2 Arithmetic operators and expressions As in most languages, expressions can be formed in Java using variables, constants, and arithmetic operators.Java has five (5) arithmetic operators.Operator Meaning Type Example+ Addition Binary total = cost + tax;- Subtraction Binary cost = total – tax;* Multiplication Binary tax = cost * rate;/ Division Binary salePrice = original / 2;% Modulus Binary remainder = value % 5;
3 Shorthand assignment statement Shorthand assignment notation combines the assignment operator (=) and an arithmetic assignment operatorIt is used to change the value of a variable by adding, subtracting, multiplying, or dividing by a specified valueThe general form isVariable Op = Expressionwhich is equivalent toVariable = Variable Op (Expression)The Expression can be another variable, a constant, or a more complicated expressionOp can be are +, -, *, /, or %Example:a += 4;Equivalent to: a = a + 4;
4 Shorthand assignment statement Example: Equivalent To: count += 2; count = count + 2; sum -= discount; sum = sum – discount; bonus *= 2; bonus = bonus * 2; time /= rushFactor; time = time / rushFactor; change %= 100; change = change % 100; amount *=count1+count2 amount = amount * (count1 + count2);
5 Arithmetic Operators and Expressions PromotionIf an arithmetic operator is combined with int operands, then the resulting type is intIf an arithmetic operator is combined with one or two double operands, then the resulting type is doubleIf different types are combined in an expression, then the resulting type is the right‐most type on the following list that is found within the expressionbyte→short→int→long→float→doublecharException: If the type produced should be byte or short (according to the rules above), then the type produced will actually be an int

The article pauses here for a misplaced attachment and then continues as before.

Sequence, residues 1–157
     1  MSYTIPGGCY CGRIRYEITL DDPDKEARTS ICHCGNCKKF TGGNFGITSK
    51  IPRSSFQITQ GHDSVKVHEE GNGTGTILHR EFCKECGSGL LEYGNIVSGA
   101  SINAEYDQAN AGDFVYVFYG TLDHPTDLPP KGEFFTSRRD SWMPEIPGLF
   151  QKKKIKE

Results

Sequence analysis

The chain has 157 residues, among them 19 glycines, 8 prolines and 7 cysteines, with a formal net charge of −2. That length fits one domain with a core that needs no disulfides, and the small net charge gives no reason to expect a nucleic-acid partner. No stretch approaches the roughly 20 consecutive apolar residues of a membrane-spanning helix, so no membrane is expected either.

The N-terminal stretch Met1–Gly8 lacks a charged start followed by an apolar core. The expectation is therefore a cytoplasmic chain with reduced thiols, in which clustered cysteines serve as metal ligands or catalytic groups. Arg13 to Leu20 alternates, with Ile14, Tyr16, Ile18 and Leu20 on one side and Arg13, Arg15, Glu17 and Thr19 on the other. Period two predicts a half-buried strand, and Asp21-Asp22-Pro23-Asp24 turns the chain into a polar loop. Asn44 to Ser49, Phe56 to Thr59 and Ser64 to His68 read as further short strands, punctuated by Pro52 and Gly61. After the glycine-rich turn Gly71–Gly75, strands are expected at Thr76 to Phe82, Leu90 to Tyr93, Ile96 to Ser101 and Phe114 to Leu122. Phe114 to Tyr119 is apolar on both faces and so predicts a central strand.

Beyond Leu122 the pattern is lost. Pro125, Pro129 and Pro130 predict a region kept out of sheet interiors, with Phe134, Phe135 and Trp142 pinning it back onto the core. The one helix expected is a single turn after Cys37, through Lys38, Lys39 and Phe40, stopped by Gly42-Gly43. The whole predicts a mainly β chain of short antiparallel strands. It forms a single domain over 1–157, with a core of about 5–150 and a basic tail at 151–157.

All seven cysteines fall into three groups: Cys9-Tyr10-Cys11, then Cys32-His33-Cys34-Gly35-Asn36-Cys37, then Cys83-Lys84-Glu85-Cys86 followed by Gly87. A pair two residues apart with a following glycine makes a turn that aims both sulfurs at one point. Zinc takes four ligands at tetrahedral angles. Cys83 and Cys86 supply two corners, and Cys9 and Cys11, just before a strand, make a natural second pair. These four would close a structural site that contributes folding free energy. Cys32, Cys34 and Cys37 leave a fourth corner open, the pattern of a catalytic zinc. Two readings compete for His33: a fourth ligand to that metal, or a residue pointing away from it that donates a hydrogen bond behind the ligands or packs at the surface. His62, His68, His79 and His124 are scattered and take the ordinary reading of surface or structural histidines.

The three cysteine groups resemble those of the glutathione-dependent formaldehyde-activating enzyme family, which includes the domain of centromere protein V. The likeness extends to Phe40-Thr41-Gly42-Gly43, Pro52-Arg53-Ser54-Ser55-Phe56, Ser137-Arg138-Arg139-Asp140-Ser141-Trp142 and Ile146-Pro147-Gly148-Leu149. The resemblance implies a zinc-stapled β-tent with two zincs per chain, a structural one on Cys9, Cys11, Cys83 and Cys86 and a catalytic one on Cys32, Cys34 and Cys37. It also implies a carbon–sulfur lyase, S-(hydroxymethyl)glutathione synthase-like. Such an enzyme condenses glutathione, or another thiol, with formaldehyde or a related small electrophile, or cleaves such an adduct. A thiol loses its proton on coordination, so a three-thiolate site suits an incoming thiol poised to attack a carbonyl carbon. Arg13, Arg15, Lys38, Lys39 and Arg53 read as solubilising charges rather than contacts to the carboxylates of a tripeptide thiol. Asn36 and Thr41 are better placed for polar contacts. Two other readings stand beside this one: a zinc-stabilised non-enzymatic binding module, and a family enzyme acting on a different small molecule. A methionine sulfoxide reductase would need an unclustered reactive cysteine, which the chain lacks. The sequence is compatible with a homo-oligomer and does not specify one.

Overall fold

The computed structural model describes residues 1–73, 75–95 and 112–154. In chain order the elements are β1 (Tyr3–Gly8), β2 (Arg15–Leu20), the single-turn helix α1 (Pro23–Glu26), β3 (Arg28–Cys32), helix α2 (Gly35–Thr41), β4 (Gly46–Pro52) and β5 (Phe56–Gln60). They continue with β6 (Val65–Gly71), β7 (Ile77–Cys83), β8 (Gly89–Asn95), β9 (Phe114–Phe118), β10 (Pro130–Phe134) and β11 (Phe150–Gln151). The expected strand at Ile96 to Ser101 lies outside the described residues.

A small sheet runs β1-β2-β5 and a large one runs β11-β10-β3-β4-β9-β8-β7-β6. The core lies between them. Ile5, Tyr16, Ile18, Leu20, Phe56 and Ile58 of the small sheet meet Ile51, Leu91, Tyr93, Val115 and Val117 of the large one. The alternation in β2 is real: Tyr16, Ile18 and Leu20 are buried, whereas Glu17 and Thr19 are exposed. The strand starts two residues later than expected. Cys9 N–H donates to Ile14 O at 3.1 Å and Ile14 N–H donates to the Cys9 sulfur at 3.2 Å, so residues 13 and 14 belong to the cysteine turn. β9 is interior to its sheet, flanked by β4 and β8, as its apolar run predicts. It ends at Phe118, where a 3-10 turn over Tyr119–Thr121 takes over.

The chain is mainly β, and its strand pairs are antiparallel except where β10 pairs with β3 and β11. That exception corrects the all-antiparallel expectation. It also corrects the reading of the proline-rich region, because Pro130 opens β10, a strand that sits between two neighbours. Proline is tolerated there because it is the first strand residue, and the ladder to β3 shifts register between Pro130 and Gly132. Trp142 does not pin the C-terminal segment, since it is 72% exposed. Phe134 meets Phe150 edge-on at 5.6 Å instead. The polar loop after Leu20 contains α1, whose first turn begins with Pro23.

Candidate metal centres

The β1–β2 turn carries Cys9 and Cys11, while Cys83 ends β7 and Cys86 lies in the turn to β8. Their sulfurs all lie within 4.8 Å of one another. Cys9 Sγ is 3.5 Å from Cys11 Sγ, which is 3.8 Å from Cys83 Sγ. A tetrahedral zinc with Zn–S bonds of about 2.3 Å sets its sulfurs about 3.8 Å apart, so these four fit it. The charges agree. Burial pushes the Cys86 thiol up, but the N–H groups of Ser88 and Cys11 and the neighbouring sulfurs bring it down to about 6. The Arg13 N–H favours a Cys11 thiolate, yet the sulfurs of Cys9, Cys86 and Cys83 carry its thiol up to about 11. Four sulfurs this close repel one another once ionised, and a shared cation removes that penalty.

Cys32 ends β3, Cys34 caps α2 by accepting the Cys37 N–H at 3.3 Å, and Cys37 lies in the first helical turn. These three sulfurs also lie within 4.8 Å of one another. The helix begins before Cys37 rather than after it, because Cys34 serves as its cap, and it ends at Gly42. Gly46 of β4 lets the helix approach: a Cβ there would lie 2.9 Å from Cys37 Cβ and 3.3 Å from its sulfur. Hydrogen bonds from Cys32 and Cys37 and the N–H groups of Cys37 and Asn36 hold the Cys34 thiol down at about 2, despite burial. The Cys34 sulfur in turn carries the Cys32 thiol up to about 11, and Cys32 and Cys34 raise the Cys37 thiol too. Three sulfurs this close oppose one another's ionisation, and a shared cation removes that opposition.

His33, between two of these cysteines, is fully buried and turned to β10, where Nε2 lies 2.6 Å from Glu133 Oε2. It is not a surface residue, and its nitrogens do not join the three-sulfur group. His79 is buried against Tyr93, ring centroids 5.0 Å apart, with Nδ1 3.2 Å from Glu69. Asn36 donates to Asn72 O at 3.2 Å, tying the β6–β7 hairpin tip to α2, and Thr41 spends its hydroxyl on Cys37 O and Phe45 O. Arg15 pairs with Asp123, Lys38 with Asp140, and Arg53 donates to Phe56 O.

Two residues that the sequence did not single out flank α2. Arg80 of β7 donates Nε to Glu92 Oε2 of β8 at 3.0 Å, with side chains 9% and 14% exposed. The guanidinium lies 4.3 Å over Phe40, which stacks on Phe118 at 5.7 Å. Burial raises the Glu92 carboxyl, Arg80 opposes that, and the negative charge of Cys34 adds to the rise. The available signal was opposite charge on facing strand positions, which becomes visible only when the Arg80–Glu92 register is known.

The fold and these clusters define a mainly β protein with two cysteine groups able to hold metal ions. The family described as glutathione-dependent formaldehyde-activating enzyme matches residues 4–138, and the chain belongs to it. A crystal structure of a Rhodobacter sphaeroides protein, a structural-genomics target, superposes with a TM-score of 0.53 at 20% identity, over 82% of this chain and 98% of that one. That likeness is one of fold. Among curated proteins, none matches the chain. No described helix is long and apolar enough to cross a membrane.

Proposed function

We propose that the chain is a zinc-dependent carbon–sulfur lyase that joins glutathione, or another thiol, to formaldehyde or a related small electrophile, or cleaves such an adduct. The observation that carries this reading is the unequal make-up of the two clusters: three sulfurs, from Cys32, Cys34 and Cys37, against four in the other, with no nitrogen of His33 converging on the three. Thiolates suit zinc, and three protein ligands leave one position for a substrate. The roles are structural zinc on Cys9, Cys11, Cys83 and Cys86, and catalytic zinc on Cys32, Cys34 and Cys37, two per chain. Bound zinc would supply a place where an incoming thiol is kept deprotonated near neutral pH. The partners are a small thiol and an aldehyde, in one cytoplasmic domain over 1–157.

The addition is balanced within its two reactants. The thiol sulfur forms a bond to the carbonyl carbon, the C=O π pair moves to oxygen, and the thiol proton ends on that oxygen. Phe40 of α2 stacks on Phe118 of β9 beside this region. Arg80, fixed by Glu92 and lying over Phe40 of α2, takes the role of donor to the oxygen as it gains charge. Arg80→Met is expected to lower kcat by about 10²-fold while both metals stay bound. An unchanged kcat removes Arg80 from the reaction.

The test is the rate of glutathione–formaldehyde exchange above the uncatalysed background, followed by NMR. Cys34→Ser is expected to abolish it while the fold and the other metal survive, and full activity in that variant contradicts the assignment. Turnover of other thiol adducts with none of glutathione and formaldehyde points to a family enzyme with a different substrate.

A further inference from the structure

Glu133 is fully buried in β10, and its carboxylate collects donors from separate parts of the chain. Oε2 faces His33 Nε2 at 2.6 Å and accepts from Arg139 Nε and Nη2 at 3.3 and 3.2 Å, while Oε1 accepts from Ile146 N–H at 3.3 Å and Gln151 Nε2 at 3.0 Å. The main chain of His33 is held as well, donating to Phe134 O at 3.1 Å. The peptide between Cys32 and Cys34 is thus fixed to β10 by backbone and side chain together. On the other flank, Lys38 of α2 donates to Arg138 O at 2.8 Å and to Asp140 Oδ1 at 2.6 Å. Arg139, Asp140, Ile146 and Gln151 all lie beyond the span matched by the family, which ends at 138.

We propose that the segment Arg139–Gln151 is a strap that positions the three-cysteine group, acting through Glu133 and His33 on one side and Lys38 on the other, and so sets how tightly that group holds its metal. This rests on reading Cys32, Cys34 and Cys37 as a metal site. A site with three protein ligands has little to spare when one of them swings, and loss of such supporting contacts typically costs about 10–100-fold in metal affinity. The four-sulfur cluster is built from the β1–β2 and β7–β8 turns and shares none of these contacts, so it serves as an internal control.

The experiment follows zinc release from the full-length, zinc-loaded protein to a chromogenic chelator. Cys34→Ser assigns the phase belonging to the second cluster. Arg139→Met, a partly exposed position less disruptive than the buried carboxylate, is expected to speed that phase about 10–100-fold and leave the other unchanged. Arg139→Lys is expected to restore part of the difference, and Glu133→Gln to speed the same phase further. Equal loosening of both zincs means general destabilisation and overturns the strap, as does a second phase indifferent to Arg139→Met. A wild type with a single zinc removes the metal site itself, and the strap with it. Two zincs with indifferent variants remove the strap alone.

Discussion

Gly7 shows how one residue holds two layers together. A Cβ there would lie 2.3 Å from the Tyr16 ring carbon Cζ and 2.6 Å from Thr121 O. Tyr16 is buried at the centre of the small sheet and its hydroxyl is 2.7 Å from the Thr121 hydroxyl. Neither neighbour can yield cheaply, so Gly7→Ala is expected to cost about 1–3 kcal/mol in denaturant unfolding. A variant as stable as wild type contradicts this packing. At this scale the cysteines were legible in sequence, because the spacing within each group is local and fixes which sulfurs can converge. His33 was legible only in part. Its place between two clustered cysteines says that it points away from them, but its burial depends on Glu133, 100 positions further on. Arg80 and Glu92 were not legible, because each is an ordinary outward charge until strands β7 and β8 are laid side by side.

6 Arithmetic Operators and Expressions An expression can be fully parenthesized in order to specify exactly what subexpressions are combined with each operatorIf some or all of the parentheses in an expression are omitted, Java will follow precedence rules to determine, in effect, where to place themHowever, it's best (and sometimes necessary) to include them
7 Precedence ruleParentheses rule: Evaluate expressions in parentheses separately.Evaluate nested parentheses from the inside out.Operator precedence rule: Operators in the same expression are evaluated in the order determined by their precedence (from the highest to the lowest).Operator Precedencemethod call highest precedence- (unary)new, type cast*, /, %+, - (binary)= Lowest precedenceLeft associative rule: Operators in the same expression and at the same precedence level are evaluated in left-to-right order.
8 Precedence ruleWhen two operations have equal precedence, the order ofoperations is determined by associativity rulesUnary operators of equal precedence are grouped right‐toleft+‐+rate is evaluated as +(‐(+rate))Binary operators of equal precedence are grouped left‐torightbase + rate + hours is evaluated as(base + rate) + hoursException: A string of assignment operators is groupedright‐to‐leftn1 = n2 = n3; is evaluated as n1 = ( n2 = n3);
9 Precedence ruleEvaluation of z – (a + b / 2) * w / y z ‐ (a + b / 2) * w / y Operator, reason evaluated ‐‐/‐‐‐ /, parens and precedence ‐‐‐+‐‐‐‐‐‐‐ +, parens ‐‐‐‐‐‐‐‐‐‐‐‐‐*‐‐ *, precendence, left assoc. ‐‐‐‐‐‐‐‐‐‐‐‐‐‐‐‐‐‐/‐‐ /, precedence
10 Increment and decrement operator Operator Name Description ++var preincrement The expression (++var) increments var by 1 and evaluates to the new value in var after the increment. var++ postincrement The expression (var++) evaluates to the original value in var and increments var by 1. ‐‐var predecrement The expression (‐‐var) decrements var by 1 and evaluates to the new value in var after the decrement. var‐‐ postdecrement The expression (var‐‐) evaluates to the original value var and 10 in decrements var by 1.
11 Increment and decrement operator If n is equal to 2, then 2*(++n) evaluates to 6If n is equal to 2, then 2*(n++) evaluates to 4Using increment and decrement operators makes expressions short, but it also makes them complex and difficult to read.Avoid using these operators in expressions that modify multiple variables, or the same variable for multiple times such as this: int k = ++i + i.